DZ Response to: ‘THERE’S something lurking in the water. Be afraid, be very afraid’


GENRE: Email letter

TO: Tory Shepherd [ Picture ]

AUTHOR: Daniel Z

DATE SENT: 19 October 2010 20:22

TITLE: DZ Response to: ‘THERE’S something lurking in the water. Be afraid, be very afraid”

STATUS: No adequate response.

UPDATES: Any updates should be posted in the comments section below

ATTACHMENT: PDF of original article THERE’S something lurking in the water. Be afraid, be very afraid. by Tory Shepherd.

To: sheperdt@adv.newsltd.com.au, tiser@adv.newsltd.com.au

Dear Tory,

I had the pleasure of reading your unreferenced article today ( http://www.adelaidenow.com.au/news/opinion/be-afraid-theres-something-lurking-in-the-water/story-fn34ojzj-1225940499668 ).

It’s nice to see that the fluoride lobby and its corporate media lackeys are attempting to be more creative with their insults – ‘attempting’ being the key word (with all that money, one would think they’d be able to afford better writers).

However, being a nice guy, I feel obliged to offer you the opportunity to submit a public retraction. When water fluoridation is finally banned – which is inevitable – your professional image will not be helped by the record showing your embarrassing lack of knowledge about the subject and your willingness to parrot the line of thoroughly discredited ‘authorities’.

Here’s some food for thought to help you out (see comments and links throughout your original text):

THERE’S something lurking in the water. Be afraid, be very afraid. By TORY SHEPHERD
http://www.adelaidenow.com.au/news/opinion/be-afraid-theres-something-lurking-in-the-water/story-fn34ojzj-1225940499668

Well, that’s the message from the fluoride conspiracy theorists – with Independent MLC Ann Bressington leading the charge, the first on the beach to sense impending doom.

Actually, the American Dental Association beat Bressington to it:

“We cannot afford to run the risk of producing such serious systemic disturbances in applying what is at present a doubtful procedure intended to prevent development of dental disfigurements.”

She’s wrong. There is no great danger the authorities are covering up, just the equivalent of a mischievous kid with a cut-out fin strapped to his back.

I guess your definition of ‘serious’ is rather unique. Others seem to have different interpretations of this word. It also seems that you have researched the subject thoroughly – “She’s wrong” – I admire your confidence to dismiss all of Bressington’s concerns with such an unreferenced statement. Since we’re on the subject of dismissing concerns, perhaps you would so kind as to answer the questions put to Victoria’s Chief Health Officer Dr. John Carnie, last year. Unfortunately, Dr. Carnie has thus far been unable to answer them. It would be lovely if you could publicly answer these questions/dismiss the authors’ concerns on Dr. Carnie’s behalf. NB. The authors of these questions and also their follow-up letter.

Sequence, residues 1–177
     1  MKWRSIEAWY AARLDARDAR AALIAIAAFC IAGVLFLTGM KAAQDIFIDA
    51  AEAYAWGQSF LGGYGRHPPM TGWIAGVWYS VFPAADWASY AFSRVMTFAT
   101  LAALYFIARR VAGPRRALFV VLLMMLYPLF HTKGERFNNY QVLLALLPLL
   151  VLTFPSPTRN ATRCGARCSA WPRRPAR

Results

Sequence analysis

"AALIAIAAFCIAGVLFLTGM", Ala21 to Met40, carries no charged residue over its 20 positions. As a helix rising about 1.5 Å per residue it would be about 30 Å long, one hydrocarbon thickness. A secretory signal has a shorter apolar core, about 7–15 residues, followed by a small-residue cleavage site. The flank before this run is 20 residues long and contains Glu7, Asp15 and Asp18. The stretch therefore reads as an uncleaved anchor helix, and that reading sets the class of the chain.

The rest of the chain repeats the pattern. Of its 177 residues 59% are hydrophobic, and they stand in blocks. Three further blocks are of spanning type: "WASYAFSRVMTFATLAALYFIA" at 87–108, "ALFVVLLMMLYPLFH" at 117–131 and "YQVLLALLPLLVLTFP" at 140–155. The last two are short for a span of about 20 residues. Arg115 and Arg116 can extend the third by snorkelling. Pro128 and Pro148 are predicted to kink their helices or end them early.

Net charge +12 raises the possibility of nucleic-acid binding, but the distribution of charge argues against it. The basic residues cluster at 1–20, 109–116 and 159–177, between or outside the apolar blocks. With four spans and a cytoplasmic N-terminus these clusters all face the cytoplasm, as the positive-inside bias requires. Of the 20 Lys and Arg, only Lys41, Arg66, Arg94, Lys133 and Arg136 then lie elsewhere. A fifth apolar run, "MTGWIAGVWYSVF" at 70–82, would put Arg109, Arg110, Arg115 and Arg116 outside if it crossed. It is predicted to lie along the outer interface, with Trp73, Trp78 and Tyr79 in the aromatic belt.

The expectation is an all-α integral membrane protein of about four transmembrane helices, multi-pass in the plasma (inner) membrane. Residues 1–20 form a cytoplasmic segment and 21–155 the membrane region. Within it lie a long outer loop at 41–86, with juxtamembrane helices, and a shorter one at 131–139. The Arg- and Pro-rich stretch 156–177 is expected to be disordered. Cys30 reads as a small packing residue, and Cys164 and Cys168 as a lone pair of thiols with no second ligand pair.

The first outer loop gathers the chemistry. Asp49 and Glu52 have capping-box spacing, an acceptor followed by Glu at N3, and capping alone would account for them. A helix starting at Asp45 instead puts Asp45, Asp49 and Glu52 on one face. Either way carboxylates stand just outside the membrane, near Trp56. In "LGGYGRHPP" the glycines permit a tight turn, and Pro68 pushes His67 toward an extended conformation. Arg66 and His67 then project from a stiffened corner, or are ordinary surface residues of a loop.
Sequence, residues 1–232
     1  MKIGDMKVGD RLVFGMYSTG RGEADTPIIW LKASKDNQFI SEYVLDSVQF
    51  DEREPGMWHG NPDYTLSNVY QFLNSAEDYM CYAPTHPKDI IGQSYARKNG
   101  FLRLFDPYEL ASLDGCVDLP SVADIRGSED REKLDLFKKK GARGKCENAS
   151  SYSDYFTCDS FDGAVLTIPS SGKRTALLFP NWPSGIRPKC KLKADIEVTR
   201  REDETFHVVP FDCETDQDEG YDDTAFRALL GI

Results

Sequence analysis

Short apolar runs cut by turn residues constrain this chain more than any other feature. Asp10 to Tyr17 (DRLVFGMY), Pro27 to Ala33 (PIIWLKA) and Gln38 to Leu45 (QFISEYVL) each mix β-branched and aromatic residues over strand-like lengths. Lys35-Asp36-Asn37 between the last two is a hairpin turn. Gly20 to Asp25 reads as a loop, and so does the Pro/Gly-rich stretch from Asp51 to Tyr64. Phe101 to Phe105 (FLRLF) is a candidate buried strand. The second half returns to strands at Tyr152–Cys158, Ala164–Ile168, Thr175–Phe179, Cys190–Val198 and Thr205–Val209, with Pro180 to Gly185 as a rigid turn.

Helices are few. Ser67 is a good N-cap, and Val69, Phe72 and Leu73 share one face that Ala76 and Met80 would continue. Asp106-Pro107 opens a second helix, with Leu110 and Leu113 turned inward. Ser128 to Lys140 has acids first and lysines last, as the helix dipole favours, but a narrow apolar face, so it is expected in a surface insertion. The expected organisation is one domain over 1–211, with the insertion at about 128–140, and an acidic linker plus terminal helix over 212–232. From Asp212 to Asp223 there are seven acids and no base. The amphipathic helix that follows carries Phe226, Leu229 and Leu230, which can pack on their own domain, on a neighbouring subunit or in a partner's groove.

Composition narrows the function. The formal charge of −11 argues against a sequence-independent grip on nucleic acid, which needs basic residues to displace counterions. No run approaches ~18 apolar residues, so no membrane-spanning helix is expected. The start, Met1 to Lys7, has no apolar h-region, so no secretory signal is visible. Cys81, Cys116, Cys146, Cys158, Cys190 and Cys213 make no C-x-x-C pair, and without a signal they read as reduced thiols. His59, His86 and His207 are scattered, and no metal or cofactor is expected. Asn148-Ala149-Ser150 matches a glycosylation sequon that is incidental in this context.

Water fluoridation has a long and muddied history of facts fighting fraudulence, fear and obfuscation.

You actually got something right. Congratulations! Water fluoridation does have a muddied history of facts fighting fraudulence. You’ve obviously read this book. I like people who read widely. Here’s another book you should read, whenever you have the time. I’m sure you’ll do the public the honour of composing and publishing a full review of the aforementioned book, as soon as you get around to reading it. Your deep insights will, I’m sure, be a valuable contribution to the issue. I’ll be sure to keep an eye out for your review. If you would like to contact the authors for further information, you may like to start with this guy. Apparently, he knows a thing or two about chemistry. Your depth of knowledge may be invaluable for his future publications and those of his co-authors.

On the one side are the conspiracy theories, which are wild enough to rival tales of anal probes from little grey men and Elvis shooting JFK from the grassy knoll.

I understand your frustrations. These conspiracy theorists and their unqualified friends can be so annoying to those such as yourself, who are concerned with real research. It’s so important to be qualified to make such comments. You know, you should find this guy’s email address and tell him the truth – that there’s nothing to worry about and that fluoridation is completely safe and effective and that fluoride must be swallowed to prevent tooth decay. It is important he understands this fact, no matter what the the JADA says. Try this link to contact him via his employer.

Take case in point, Ms Bressington, who told radio station FIVEaa that there was a “cover-up”, that we are “drinking poison in our water”. Not just any poison, but “rat poison” that lowers children’s IQs, mimics or causes ADHD, increases the risk of bone cancer, causes chronic fatigue, “mental dullness” and gut problems. It even rots teeth, she says.

Claims of IQ reduction, claims of cancer risk increases, claims that fluoridation chemicals are actually poisons – even rat poison, gut related problems, and so forth. I mean, where’s the basis for any of this? Crazy stuff. No credible authors at all behind such claims, of course.